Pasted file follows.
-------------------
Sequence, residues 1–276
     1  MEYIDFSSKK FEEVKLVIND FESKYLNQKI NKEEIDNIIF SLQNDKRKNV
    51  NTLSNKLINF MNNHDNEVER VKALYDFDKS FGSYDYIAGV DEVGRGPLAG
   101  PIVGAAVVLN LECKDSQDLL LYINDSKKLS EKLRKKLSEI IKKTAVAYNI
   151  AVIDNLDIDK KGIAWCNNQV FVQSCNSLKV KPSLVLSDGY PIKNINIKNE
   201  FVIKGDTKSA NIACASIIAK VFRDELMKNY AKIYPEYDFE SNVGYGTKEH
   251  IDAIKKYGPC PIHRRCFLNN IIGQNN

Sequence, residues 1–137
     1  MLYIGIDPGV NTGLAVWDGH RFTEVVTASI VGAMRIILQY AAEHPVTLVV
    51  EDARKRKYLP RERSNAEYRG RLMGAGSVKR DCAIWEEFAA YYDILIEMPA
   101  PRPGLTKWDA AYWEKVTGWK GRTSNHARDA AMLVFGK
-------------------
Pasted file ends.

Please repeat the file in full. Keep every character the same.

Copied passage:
Sequence, residues 1–276
     1  MEYIDFSSKK FEEVKLVIND FESKYLNQKI NKEEIDNIIF SLQNDKRKNV
    51  NTLSNKLINF MNNHDNEVER VKALYDFDKS FGSYDYIAGV DEVGRGPLAG
   101  PIVGAAVVLN LECKDSQDLL LYINDSKKLS EKLRKKLSEI IKKTAVAYNI
   151  AVIDNLDIDK KGIAWCNNQV FVQSCNSLKV KPSLVLSDGY PIKNINIKNE
   201  FVIKGDTKSA NIACASIIAK VFRDELMKNY AKIYPEYDFE SNVGYGTKEH
   251  IDAIKKYGPC PIHRRCFLNN IIGQNN

Sequence, residues 1–137
     1  MLYIGIDPGV NTGLAVWDGH RFTEVVTASI VGAMRIILQY AAEHPVTLVV
    51  EDARKRKYLP RERSNAEYRG RLMGAGSVKR DCAIWEEFAA YYDILIEMPA
   101  PRPGLTKWDA AYWEKVTGWK GRTSNHARDA AMLVFGK